- Large-scale deployable solar arrays constructed with a hinge mechanism that allows folding into origami-like shapes for improved packing. This technology is planned to fly on the Zero-G aircraft.
Southwest Research Institute in San Antonio, Texas
- A device to improve the transfer and delivery of cryogenic fluids by reliably removing vapor bubbles. This technology is planned to fly on New Shepard.
University of Central Florida in Orlando
- An experiment to characterize the charging behavior of dust in lunar-like environments to understand how dust interacts with other particles and surfaces. This technology is planned to fly on New Shepard.
University of Colorado in Boulder
- Testing of a 3-D printer to determine the effect of reduced gravity on the fabrication of components, including elements of life support systems that could be required to remove carbon dioxide from a crew-occupied cabin. This technology is planned to fly on Zero-G.
University of Florida in Gainesville
- Enhancement of a flight-proven imaging concept and hardware system to characterize biological responses to changes in gravity levels during spaceflight. This technology is planned to fly on New Shepard.
- A cryogenic boil-off experiment to collect information and advance the long-term storage of propellant in space. This technology is due to fly on Zero-G.
Fostering commercialization of low Earth orbit and use of suborbital space
GSSL Inc. in Tillamook, Ore.
- A modified drone shuttle system designed to return large amounts of data from high-altitude balloons, allowing unprocessed science data to be retrieved before the end of a balloon flight. This technology is planned to fly on a Near Space Corp. high-altitude balloon.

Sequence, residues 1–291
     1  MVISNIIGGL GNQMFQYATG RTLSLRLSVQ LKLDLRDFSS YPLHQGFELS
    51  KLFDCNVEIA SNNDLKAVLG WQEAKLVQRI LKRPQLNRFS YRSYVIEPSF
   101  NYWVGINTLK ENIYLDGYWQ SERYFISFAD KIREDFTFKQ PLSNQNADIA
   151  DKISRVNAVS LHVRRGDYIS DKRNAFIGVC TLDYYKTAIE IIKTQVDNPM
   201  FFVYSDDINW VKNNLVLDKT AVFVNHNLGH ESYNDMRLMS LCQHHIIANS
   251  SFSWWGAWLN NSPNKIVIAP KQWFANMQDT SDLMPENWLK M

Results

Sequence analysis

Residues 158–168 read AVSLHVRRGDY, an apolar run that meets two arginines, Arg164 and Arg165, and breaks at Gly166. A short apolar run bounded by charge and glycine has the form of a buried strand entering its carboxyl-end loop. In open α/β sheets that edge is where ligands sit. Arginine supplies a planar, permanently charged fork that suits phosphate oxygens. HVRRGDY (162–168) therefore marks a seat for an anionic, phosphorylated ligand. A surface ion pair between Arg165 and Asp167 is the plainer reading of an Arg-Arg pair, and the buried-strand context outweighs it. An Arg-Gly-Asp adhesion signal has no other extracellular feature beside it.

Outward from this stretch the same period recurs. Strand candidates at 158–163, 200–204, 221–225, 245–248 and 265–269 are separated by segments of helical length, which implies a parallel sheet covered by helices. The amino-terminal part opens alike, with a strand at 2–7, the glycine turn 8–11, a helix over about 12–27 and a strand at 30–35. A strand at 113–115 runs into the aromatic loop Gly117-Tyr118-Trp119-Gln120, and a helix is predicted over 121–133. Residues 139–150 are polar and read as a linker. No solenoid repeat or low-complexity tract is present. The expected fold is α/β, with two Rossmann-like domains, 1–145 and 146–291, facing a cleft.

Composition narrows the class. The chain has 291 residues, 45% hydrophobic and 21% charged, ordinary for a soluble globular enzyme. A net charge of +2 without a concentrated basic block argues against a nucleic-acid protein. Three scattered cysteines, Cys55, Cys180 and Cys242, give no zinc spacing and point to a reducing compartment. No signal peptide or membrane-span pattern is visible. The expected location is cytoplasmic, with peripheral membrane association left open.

Johns Hopkins University
- An ultraviolet remote imaging system that can fly externally on suborbital rockets, enabling new science measurements at altitudes of up to 62 miles in the absence of ozone.
- Deployment and re-entry of miniaturized satellites, known as ChipSats, to evaluate the capability of the technology to enable inexpensive study of difficult-to-explore regions of Earth’s upper atmosphere as well as the atmospheres and surfaces of other planets or moons. These two technologies are planned to fly on New Shepard.
Mayo Clinic in Jacksonville, Fla.
- Real-time testing of biological changes during suborbital launch and landing conditions and hyper/microgravity. This technology is to fly on New Shepard.
Night Crew Labs LLC in Woodside, Calif.
- Adaptation of a satellite remote sensing technique that detects changes in Global Navigation Satellite System radio signals as they pass through Earth’s atmosphere to a balloon-based system that provides on-demand and persistent coverage over regions of strong interest during high-impact weather events. This technology is planned to fly on a World View Enterprises high-altitude balloon.
Purdue University in West Lafayette, Ind.
- A payload designed to observe fuel behavior and its effect on spacecraft pointing. This technology is to fly on Virgin Galactic’s suborbital spacecraft.
Southwest Research Institute
- A novel anchoring and sampling architecture for the surfaces of small asteroids, enabling regolith collection from multiple sites. This technology is planned to fly on New Shepard.
Space Environment Technologies in Pacific Palisades, Calif.
- Long-duration regional monitoring and identification of harmful radiation sources. This technology is planned to fly on a World View balloon.
University of Kentucky in Lexington
- Lightweight, compact and low-cost instrumentation designed to examine potential long-range gust and turbulence detection at high altitudes, with benefits for suborbital and low-Earth orbit vehicles as well as general aviation. This technology is planned to fly on a high-altitude balloon and glider combination from Stratodynamics Aviation Inc.
Vanderbilt University in Nashville
- Testing of a small system designed to enable complex biological and chemical experiments as well as new capabilities for synthesizing chemicals, including pharmaceuticals. This technology is planned to fly on New Shepard.